For a task that tall, we may need a month. In the meantime, we invite you to leave your thoughts on Troy’s retirement in our comments section.

Good Bye, or Goodbye?

logoby Dan Snapp

Crisis, they say, breeds opportunity.

When the NFL schedule makers posted the ’08 season, the timing of the Patriots’ bye seemed pointless. Now it looks provident.

If the Pats are to make a real season out of it, this would be the week to plant the seeds. That could mean radical changes, with new players brought in and old ones losing their starting jobs. It could mean new schemes and focuses. Or it could simply be a matter of returning to fundamentals. Stopping the single wing might be a good start.

Perhaps that’s too much to be made of one measly defeat, but man, what a wretched stink bomb of a loss. The Belichick era has seen its share of calamitous results, notably against Tennessee in ’02, San Diego in ’05, and the Dolphins seemingly every other year. But this one seemed worse, conjuring up dark memories of the pre-Parcells Pats, replete with a record day for the opposing running back and a QB who seemingly couldn’t complete anything past five yards.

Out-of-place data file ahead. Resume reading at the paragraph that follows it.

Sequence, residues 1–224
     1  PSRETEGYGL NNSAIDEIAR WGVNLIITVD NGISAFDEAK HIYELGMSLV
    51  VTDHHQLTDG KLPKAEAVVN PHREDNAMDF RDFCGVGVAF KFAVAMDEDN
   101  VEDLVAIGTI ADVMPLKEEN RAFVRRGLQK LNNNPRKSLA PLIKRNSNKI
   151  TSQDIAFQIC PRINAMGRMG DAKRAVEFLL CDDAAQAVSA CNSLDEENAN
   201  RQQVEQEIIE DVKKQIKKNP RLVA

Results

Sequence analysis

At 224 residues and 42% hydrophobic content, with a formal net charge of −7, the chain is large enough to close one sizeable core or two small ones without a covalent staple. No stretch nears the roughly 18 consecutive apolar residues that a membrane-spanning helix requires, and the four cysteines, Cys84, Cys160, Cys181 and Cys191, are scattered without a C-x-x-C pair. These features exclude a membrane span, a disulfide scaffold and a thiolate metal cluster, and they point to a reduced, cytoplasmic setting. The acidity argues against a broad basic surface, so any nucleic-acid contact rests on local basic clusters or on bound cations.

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No Answer for Miami Wildcat Strikes

logoby Tyler Carter

Bill Belichick’s opening statement from his morning-after press conference following the Patriot’s worst home loss during his tenure:

“we all obviously feel bad…it was a total team loss. I don’t think we did a good job coaching, starting with me, and didn’t do a good job of playing. We got pretty well beat in every phase…other than special teams.”

Let’s start by assessing the dismal play of the offense: